Big Five Personality Traits

The International Personality Item Pool (IPIP; Goldberg, 1999). Items include “I see myself as someone who has an assertive personality.” Participants responded to all survey items using a five-point Likert scale (from 1 = “Disagree strongly” to 5 = “Agree strongly”). The internal reliabilities for this sample were 0.80 for extraversion, 0.71 for agreeableness, 0.78 for conscientiousness, 0.83 for emotionality, and 0.74 for openness to experience.

Academic Engagement

The English version of the Utrecht Work Engagement Student Scale (UWES-SS; Schaufeli et al., 2002). The Scale of Academic Engagement is a 17-item questionnaire. Participants responded to all survey items using a seven-point Likert scale (from 0 = “Never” to 6 = “Always”). The items represent three underlying dimensions: Vigor (e.g., “when I get up in the morning, I feel like going to class”), Dedication (e.g., “I am enthusiastic about my studies”), and Absorption (e.g., “when I am studying, I forget everything around me”). In this sample, the internal reliabilities obtained for this scale were 0.89 (total score), 0.72 (Vigor), 0.64 (Dedication), and 0.80 (Absorption).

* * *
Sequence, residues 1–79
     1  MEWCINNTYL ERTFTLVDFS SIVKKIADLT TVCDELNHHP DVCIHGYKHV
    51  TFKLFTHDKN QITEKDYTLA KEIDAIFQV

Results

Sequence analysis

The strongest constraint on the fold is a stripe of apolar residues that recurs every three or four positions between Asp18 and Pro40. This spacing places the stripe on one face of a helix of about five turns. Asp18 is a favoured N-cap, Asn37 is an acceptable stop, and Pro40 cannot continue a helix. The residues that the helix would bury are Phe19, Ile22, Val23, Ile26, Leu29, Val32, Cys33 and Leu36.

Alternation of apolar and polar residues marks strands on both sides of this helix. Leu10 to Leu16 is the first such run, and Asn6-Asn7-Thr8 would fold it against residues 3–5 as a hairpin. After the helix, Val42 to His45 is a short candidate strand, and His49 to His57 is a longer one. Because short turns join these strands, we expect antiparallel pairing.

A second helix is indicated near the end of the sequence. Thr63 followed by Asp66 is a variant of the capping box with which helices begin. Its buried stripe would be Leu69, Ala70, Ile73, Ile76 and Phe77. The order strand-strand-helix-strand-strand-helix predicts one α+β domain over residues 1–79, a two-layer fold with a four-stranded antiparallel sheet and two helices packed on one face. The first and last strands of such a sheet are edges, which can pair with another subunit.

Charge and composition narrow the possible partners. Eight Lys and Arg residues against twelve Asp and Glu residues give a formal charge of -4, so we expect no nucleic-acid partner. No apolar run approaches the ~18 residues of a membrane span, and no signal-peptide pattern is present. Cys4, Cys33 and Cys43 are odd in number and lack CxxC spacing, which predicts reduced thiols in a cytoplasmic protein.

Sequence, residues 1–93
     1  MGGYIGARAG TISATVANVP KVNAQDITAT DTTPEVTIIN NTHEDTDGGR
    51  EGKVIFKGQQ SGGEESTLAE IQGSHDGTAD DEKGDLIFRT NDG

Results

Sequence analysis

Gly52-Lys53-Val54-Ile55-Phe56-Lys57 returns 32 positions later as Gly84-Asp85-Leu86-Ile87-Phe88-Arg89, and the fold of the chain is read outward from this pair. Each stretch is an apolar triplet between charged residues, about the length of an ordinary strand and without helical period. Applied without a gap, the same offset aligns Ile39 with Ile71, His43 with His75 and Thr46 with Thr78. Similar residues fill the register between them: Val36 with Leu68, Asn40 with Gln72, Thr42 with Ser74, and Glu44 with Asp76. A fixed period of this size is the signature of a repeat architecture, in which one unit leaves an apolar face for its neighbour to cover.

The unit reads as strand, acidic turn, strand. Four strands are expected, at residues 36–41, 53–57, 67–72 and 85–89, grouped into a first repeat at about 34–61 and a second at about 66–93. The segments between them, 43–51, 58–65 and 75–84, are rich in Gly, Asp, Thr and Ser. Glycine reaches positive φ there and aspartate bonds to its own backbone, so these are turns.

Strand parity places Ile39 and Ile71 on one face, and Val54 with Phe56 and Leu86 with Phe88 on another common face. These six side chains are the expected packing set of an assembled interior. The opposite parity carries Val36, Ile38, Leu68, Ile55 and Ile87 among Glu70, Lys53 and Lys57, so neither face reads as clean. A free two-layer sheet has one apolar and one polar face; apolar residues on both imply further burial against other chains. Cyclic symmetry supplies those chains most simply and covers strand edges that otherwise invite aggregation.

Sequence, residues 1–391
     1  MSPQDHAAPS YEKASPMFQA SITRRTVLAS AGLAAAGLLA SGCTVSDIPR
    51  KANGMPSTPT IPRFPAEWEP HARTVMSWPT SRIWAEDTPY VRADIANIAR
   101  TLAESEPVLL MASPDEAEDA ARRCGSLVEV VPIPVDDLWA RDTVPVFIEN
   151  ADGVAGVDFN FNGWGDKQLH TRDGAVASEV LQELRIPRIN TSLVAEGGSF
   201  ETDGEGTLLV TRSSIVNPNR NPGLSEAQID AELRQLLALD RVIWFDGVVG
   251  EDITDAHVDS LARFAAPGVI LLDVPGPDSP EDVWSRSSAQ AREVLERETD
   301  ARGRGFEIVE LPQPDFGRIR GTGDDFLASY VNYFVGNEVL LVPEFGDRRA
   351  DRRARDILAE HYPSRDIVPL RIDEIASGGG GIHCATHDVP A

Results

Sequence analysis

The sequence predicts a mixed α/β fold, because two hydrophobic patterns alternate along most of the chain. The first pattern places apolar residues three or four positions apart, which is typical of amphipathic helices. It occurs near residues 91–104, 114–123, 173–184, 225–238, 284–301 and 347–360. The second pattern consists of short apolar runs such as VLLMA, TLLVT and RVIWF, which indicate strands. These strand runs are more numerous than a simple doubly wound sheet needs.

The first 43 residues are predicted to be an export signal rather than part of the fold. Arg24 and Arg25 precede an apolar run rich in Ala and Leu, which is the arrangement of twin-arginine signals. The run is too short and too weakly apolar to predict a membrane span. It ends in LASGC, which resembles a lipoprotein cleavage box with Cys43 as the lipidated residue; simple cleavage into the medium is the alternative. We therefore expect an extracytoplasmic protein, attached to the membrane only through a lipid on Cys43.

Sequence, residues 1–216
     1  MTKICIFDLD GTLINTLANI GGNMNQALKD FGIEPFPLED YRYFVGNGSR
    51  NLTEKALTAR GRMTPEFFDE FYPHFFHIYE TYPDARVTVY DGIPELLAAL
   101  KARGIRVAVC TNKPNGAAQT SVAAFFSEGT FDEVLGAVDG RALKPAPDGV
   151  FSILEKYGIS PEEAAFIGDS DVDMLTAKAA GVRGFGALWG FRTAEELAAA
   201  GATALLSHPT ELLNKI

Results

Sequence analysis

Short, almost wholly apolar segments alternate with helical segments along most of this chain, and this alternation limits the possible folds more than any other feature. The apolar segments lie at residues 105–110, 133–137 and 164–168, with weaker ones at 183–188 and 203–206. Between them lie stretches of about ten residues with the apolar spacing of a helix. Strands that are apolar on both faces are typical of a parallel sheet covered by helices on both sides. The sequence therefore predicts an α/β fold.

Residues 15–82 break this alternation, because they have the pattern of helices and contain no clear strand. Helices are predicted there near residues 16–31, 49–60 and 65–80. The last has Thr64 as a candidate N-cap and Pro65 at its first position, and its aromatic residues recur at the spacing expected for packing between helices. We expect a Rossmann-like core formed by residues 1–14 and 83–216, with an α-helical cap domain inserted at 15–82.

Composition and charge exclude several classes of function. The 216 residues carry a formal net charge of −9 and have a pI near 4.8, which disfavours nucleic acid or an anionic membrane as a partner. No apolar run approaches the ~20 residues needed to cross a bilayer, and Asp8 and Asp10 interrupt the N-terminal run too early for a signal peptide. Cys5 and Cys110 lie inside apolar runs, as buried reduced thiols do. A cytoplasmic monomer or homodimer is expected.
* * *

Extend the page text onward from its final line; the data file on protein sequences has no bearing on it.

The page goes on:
Procrastination

The General Behavioral Procrastination Scale for student populations (GPS; Lay, 1986). The GPS consists of 20 items, including “I generally delay before starting on work I have to do.” Participants responded to all survey items using a five-point Likert scale (from 1 = “Extremely uncharacteristic” to 5 = “Extremely characteristic”). The alpha coefficient for this scale on the present sample was 0.88.

Satisfaction With University Major

Satisfaction with university major was measured through a one-item question, which asked “How satisfied are you with the major you are in?” and was responded to on a seven-point Likert scale (from 1 = “Extremely dissatisfied” to 7 = “Extremely satisfied”).

Procedure

This study has been approved by the Institutional Review Board (IRB) of ethics at the Lebanese American University. Participants completed the battery of questionnaires during class time. A small percentage of the participants were given the questionnaires after class, which they returned to the researchers after completion. Testing sessions lasted 50 min approximately and were monitored by the researchers. Data were analyzed using SPSS version 25, and its AMOS module.

Results

Bivariate Correlations